Work can be stressful at times. Whether it’s annoying coworkers, chaos in the office, or unruly clients and customers, we all have moments when we are tempted to let go of caution and give in to our anger. Starting a new job can bring a number of situations that can make your blood boil.
But, when we make decisions or say words in the heat of the moment, it usually ends up being the wrong choice. Here are some helpful hints to aid anger relief so you can keep a clear head when making decisions and thinking through problems.
Breathing is a normal function in terms of staying alive, but taking the extra time to stop and take a few extra deep breaths can help calm you down. The more oxygen in your body, the more easily you can release physical tension.
There are several different breathing exercises you can try on your own. Take five minutes to breath from the diaphragm and use some of the breathing techniques that are right for you. Taking that time to breath can help you look at your situation with a level head so you can make a better decision on what to do.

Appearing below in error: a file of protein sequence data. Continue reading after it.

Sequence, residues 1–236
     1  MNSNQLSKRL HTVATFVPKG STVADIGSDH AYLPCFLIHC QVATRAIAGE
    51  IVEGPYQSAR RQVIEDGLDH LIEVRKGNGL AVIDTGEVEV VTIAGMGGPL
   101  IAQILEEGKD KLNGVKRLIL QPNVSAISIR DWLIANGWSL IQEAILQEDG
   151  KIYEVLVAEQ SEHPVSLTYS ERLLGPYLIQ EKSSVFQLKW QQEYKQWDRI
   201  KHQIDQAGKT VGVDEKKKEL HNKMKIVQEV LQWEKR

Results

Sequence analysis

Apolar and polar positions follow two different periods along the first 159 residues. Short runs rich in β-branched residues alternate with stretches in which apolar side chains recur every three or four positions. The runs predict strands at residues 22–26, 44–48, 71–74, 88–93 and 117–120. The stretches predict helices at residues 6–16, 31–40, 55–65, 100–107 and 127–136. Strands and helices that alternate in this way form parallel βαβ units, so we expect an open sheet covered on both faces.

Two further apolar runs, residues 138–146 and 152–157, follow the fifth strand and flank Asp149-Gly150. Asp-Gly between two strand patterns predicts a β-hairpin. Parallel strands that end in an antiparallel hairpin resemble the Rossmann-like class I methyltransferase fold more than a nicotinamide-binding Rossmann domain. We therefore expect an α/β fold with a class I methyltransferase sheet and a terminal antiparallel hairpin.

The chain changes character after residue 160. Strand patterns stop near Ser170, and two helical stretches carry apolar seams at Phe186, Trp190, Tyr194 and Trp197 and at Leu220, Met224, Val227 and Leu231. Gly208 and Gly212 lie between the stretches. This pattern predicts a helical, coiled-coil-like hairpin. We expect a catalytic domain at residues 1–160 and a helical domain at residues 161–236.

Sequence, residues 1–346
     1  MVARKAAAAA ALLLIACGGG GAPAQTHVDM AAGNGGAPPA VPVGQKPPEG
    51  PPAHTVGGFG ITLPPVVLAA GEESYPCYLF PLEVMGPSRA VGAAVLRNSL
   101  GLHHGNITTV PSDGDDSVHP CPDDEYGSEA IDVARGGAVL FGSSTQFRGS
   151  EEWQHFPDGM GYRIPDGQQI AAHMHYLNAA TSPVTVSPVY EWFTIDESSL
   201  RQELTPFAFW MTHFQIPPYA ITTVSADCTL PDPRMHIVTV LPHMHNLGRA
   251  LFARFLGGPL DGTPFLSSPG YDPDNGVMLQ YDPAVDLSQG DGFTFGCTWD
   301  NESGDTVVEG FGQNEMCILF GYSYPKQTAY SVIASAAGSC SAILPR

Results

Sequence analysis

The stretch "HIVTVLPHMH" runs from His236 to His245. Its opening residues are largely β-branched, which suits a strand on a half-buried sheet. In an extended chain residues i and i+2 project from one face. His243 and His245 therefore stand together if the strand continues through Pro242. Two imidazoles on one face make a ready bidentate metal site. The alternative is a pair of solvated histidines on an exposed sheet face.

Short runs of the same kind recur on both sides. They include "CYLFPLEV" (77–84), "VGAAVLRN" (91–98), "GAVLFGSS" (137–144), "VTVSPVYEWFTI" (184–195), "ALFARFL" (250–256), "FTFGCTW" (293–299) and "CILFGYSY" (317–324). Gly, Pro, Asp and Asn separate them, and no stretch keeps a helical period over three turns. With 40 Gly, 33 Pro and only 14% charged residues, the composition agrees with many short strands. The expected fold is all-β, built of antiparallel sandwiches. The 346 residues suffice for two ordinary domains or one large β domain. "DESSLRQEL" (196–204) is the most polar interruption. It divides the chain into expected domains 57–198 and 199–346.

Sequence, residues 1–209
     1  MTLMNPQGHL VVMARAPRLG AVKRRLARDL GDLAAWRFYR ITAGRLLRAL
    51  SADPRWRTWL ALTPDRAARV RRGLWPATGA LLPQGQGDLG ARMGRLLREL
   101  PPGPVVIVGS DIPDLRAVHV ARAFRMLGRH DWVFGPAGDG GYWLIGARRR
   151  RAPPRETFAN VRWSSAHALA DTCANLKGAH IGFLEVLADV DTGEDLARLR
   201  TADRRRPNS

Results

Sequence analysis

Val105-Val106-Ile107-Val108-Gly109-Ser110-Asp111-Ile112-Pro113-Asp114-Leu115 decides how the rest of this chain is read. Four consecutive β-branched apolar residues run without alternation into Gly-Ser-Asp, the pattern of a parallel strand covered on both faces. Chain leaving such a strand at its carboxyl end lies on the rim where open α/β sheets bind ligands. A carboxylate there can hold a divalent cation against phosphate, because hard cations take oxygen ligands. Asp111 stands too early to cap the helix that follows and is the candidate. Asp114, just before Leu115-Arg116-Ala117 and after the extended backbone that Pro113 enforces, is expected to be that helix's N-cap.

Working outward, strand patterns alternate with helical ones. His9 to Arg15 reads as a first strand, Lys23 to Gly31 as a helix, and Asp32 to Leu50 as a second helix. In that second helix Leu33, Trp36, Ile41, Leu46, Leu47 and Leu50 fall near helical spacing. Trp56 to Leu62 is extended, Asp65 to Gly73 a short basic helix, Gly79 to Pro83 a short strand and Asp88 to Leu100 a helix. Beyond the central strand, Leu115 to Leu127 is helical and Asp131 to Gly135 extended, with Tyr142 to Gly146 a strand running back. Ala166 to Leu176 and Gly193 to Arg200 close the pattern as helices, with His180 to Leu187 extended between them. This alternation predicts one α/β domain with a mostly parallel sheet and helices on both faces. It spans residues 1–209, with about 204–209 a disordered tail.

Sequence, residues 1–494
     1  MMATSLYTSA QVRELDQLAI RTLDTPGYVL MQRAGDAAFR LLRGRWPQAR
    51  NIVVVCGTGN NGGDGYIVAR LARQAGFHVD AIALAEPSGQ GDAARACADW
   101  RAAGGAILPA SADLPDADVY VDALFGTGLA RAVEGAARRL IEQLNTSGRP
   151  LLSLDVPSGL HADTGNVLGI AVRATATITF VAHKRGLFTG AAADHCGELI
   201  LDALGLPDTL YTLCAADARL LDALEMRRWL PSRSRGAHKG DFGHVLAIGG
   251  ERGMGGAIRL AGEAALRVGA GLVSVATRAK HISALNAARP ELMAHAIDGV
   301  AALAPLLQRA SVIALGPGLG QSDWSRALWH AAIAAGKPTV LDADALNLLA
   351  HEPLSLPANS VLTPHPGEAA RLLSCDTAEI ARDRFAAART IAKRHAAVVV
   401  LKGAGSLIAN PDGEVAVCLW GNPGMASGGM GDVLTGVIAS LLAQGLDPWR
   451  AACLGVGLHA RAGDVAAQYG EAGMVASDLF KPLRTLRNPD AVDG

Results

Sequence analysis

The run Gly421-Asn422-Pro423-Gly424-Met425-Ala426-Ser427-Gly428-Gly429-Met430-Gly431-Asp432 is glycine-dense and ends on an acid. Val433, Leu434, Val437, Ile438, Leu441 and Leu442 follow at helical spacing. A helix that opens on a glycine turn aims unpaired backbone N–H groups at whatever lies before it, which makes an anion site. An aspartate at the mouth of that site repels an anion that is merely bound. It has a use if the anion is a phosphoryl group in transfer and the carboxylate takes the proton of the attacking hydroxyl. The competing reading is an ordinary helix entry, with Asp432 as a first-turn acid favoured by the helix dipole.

If things get to the boiling point, take 10 minutes and go for a walk. Besides the health benefits of walking, it also helps blow off steam and releases endorphins in your body.
Sometimes the best thing to do is remove yourself from the situation. If you can escape work for a few minutes, find a peaceful place to get away from whatever is making you angry. Being physically away from the situation can help you take a mental break and fuel better visualizations and guided imagery to help restore your peace of mind.
This can also help you reframe your situation. Many times, being in the middle of the action intensifies the situation more than it really is. Secluding yourself for a few minutes can help you see your situation differently and give you a different perspective.
When you’re out walking or separating yourself from the situation, it’s important to look at yourself. Go through the situations in your head and see what your initial reactions would be and picture the consequences of those actions. Reflecting on your feelings about whatever is making you angry can help you make a better decision in the long run.
Sometimes two heads are better than one. If you haven’t found any luck calming down on your own, consider talking to one of your managers or a mentor and explain the situation. There’s a good chance they have been in a number of stressful situations where they have wanted to scream. Verbalizing your feelings with trusted individuals can also help you calm down.
When you are angry, you don’t make the best decisions. The things you say can harm your career. No matter the situation, there are always things you can do to calm yourself down before anger takes over rational thought. If you follow our helpful guidelines, you’ll be better able to keep yourself cool no matter how hot your work life gets.